Janneke Jehee

Radboud University, Nijmegen, NL.

Whether we are deciding about Covid-related restrictions, estimating a ball’s trajectory when playing tennis, or interpreting radiological images – virtually every choice we make is based on uncertain evidence. How do we infer that information is more or less reliable when making these decisions? How does the brain represent knowledge of this uncertainty? In this talk, I will present recent neuroimaging data combined with novel analysis tools to address these questions. Our results indicate that sensory uncertainty can reliably be estimated from the human visual cortex on a trial-by-trial basis, and moreover that observers appear to rely on this uncertainty in their perceptual decision-making.


Coffee Break


Emma Holmes

Department of Speech Hearing and Phonetic Sciences, University College London, UK

Our acoustic environments typically contain multiple sounds that overlap in time. For example, if we try to listen to what a friend’s saying at a busy restaurant, there are typically other conversations going on around us at the same time. Selective attention enables us to focus on someone’s voice when other sounds are present. In these situations, attention does not appear to be all-or-none, but rather builds up over time. In this talk, I’ll describe some work we’ve done to understand the computational processes underlying slow inductions of attentional set. The computational modelling is based on active inference (Friston et al., 2017), and treats selective attention as a Bayesian inference problem. Using this framework, we modelled a ‘cocktail party’ listening paradigm and tested competing hypotheses about how behavioural and EEG data are generated during this paradigm. The model generates quantitative (testable) predictions about behavioural, psychophysical and electrophysiological responses, and underlying changes in synaptic efficacy. By comparing model predictions to empirical data, we were able to tease apart different computational processes underpinning attention-related EEG activity and those contributing to differences in reaction times for completing the listening task.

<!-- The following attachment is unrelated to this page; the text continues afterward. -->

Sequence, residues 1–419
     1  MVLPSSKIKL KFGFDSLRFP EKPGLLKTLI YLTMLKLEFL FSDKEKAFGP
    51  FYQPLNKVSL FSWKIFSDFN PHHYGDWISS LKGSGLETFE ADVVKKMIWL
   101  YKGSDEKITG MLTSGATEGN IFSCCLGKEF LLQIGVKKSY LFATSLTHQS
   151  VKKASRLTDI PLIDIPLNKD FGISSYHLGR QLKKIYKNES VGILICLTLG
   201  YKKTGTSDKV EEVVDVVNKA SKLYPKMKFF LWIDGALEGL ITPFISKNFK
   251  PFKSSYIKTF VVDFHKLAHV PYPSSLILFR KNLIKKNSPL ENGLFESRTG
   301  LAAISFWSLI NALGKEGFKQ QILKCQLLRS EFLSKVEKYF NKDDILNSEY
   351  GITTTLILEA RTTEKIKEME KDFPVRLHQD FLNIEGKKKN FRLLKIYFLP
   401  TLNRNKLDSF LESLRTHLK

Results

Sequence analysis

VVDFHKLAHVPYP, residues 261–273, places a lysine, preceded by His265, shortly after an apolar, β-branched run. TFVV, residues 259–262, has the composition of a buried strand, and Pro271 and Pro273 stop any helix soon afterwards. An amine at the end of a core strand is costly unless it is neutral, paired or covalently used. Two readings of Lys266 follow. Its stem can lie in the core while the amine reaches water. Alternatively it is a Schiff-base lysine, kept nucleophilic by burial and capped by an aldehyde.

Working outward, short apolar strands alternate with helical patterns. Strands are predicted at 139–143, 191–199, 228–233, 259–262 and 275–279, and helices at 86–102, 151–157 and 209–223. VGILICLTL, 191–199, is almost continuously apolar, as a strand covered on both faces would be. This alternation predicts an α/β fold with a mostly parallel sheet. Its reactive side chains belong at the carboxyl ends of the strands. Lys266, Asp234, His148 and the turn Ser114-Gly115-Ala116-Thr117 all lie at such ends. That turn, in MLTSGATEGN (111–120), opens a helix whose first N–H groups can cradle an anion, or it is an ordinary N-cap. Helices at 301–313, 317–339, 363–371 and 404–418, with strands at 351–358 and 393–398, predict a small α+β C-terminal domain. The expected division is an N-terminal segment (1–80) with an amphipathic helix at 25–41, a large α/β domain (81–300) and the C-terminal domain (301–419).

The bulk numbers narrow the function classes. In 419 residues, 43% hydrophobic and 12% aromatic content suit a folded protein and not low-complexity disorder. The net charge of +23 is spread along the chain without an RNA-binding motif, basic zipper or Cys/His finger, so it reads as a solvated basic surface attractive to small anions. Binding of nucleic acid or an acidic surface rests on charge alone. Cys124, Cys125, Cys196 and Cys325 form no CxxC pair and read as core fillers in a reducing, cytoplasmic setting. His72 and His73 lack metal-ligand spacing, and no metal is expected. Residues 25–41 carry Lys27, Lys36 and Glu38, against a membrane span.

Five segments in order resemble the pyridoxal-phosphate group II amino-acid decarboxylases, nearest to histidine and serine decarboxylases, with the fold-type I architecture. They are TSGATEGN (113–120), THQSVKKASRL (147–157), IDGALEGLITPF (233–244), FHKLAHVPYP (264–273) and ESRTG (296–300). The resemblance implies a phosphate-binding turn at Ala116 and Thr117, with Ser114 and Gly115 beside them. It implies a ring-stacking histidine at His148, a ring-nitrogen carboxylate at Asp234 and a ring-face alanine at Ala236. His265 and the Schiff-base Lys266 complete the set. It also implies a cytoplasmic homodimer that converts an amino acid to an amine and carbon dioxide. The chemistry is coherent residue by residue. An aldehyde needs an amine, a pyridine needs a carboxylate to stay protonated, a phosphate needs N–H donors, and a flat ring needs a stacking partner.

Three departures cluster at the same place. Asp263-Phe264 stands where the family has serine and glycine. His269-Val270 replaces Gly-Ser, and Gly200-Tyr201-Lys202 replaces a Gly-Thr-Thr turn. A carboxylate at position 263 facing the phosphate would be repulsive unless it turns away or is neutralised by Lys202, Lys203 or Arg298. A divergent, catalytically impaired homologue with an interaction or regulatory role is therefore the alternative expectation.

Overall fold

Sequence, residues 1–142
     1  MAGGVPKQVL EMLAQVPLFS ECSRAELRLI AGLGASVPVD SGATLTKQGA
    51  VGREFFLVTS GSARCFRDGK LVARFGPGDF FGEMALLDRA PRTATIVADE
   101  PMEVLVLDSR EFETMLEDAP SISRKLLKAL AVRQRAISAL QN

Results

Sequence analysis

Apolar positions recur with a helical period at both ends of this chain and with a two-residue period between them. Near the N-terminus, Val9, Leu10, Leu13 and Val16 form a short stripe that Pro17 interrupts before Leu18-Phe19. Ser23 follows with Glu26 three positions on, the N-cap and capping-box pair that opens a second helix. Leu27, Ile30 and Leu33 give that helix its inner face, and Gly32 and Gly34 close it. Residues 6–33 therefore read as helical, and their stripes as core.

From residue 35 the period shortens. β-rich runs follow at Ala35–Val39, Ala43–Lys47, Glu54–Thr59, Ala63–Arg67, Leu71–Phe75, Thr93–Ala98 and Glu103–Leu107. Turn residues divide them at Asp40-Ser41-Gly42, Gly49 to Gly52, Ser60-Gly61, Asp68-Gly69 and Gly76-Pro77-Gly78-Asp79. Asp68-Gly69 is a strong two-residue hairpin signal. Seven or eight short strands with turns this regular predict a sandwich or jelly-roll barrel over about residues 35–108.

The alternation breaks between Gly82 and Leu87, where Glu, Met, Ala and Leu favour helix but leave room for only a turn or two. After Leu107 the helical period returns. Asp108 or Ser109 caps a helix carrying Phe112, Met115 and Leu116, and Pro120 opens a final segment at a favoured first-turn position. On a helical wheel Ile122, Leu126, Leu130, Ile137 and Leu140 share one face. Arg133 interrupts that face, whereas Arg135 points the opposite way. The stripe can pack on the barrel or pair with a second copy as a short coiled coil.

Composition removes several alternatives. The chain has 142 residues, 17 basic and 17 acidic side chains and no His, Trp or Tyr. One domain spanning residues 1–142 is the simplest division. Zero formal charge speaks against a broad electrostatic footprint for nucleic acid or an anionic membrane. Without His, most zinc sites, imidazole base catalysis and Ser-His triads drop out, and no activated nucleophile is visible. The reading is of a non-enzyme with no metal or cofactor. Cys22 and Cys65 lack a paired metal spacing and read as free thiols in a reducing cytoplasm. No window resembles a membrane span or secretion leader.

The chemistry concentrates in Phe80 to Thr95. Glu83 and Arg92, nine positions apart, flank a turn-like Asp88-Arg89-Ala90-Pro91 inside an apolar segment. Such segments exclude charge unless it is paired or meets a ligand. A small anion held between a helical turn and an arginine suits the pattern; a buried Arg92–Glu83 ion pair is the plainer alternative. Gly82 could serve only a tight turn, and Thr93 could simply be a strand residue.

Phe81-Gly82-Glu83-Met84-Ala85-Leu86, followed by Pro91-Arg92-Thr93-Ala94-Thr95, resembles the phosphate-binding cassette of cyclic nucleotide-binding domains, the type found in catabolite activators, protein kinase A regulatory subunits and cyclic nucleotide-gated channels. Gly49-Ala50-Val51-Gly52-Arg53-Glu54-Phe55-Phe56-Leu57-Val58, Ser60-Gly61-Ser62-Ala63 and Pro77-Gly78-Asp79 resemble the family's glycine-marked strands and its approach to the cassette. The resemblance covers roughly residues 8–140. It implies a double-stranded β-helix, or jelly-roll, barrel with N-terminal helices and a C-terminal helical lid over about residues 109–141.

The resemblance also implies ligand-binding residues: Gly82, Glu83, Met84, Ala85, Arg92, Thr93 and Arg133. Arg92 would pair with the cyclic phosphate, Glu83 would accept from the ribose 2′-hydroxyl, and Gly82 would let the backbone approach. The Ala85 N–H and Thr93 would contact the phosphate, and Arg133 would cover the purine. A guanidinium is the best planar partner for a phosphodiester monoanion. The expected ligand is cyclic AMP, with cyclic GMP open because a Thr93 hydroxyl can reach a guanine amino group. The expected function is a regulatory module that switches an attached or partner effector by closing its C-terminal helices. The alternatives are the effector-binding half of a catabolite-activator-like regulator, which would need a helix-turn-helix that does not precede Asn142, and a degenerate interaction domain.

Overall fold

WEDNEDSDAY, 29 June 2022


Poster Session III

Session IV: Computational Models in Basic and Clinical Neuroscience

Chair:Christian Doeller

Xiaosi Gu

Icahn School of Medicine at Mount Sinai, USA.

Given the complex and dynamic nature of our social relationships, the human brain needs to quickly learn and adapt to new social situations. Breakdown of any of these computations could lead to social deficits, as observed in many psychiatric disorders. In this talk, I will present our recent neurocomputational work that attempts to model both 1) how humans dynamically adapt beliefs about other people and 2) how they exert influence over social others through forward planning. Lastly, I will present our findings of how impaired social computations might manifest in different disorders such as addiction, delusion, and autism. Taken together, these findings reveal the dynamic and proactive nature of human interactions as well as the clinical significance of these high-order mental processes.